Alcohol consumption and gastric cancer risk in the European Prospective Investigation into Cancer and Nutrition (EPIC) cohort.
The American Journal of Clinical Nutrition 2011 ; 94: 1266-75.
Duell EJ, Travier N, Luján-Barroso L, Clavel-Chapelon F, Boutron-Ruault MC, Morois S, Palli D, Krogh V, Panico S, Tumino R, Sacerdote C, Quirós JR, Sánchez-Cantalejo E, Navarro C, Gurrea AB, Dorronsoro M, Khaw KT, Allen NE, Key TJ, Bueno-de-Mesquita HB, Ros MM, Numans ME, Peeters PH, Trichopoulou A, Naska A, Dilis V, Teucher B, Kaaks R, Boeing H, Schütze M, Regnér S, Lindkvist B, Johansson I, Hallmans G, Overvad K, Egeberg R, Tjønneland A, Lund E, Weiderpass E, Braaten T, Romieu I, Ferrari P, Jenab M, Stenling R, Aune D, Norat T, Riboli E, and González CA
DOI : 10.3945/ajcn.111.012351
PubMed ID : 21993435
Gastric cancer (GC) is the second leading cause of cancer death worldwide. The association between alcohol consumption and GC has been investigated in numerous epidemiologic studies with inconsistent results.
We evaluated the association between alcohol consumption and GC risk.
We conducted a prospective analysis in the European Prospective Investigation into Cancer and Nutrition (EPIC) cohort, which included 444 cases of first primary gastric adenocarcinoma. HRs and 95% CIs for GC were estimated by using multivariable Cox proportional hazards regression for consumption of pure ethanol in grams per day, with stratification by smoking status, anatomic subsite (cardia, noncardia), and histologic subtype (diffuse, intestinal). In a subset of participants, results were further adjusted for baseline Helicobacter pylori serostatus.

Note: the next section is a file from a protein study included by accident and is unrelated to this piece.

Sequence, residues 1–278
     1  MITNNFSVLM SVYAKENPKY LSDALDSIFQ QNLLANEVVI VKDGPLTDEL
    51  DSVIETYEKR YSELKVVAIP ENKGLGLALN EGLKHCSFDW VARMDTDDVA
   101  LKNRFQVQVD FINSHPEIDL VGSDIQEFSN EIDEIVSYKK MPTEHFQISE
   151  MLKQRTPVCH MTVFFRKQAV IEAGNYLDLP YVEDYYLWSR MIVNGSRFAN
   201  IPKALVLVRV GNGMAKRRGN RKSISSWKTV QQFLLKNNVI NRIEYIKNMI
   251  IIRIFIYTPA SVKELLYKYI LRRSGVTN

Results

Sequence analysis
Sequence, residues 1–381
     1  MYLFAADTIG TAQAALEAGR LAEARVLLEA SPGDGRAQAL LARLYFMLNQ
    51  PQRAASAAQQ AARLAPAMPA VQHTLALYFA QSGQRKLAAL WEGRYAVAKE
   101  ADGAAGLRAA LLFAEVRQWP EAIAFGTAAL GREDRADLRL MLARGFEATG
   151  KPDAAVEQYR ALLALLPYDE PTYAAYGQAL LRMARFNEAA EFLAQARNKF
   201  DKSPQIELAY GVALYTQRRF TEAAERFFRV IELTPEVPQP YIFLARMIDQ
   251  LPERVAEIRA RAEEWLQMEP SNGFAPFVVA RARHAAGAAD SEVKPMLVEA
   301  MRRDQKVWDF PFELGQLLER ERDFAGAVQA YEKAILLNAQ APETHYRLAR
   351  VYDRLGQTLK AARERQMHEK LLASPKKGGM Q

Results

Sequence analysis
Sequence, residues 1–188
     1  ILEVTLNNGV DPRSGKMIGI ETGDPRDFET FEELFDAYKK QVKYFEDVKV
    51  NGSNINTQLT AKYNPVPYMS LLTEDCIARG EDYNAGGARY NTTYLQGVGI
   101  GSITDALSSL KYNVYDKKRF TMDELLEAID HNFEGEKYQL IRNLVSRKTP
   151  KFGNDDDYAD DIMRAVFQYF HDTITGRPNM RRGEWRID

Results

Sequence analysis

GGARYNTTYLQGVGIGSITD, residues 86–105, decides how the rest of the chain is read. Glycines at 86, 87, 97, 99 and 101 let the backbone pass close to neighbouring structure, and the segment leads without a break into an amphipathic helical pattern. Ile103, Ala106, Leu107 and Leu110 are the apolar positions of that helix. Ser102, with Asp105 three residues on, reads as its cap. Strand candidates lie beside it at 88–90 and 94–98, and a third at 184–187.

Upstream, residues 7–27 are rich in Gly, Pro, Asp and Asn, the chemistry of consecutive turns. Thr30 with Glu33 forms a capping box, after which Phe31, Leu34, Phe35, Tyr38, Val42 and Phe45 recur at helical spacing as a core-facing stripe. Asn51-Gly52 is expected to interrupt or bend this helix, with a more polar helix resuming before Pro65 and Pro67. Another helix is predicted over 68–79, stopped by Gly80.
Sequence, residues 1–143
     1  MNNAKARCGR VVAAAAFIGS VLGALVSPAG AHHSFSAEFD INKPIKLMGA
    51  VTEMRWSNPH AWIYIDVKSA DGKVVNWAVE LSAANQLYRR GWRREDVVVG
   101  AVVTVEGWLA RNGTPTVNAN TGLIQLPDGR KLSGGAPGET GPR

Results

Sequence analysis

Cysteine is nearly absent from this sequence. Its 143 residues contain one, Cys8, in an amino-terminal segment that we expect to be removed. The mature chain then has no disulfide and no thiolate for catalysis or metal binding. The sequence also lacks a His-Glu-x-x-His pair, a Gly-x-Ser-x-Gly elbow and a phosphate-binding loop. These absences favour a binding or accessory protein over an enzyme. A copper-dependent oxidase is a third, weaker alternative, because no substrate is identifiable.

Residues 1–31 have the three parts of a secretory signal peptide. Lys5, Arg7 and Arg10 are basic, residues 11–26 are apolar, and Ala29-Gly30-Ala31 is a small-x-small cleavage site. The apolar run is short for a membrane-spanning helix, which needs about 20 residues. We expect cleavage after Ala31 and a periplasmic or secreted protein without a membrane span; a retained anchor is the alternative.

Heavy (compared with very light) alcohol consumption (≥60 compared with 0.1-4.9 g/d) at baseline was positively associated with GC risk (HR: 1.65; 95% CI: 1.06, 2.58), whereas lower consumption amounts (<60 g/d) were not. When we analyzed GC risk by type of alcoholic beverage, there was a positive association for beer (≥30 g/d; HR: 1.75; 95% CI: 1.13, 2.73) but not for wine or liquor. Associations were primarily observed at the highest amounts of drinking in men and limited to noncardia subsite and intestinal histology; no statistically significant linear dose-response trends with GC risk were observed.
Heavy (but not light or moderate) consumption of alcohol at baseline (mainly from beer) is associated with intestinal-type noncardia GC risk in men from the EPIC cohort.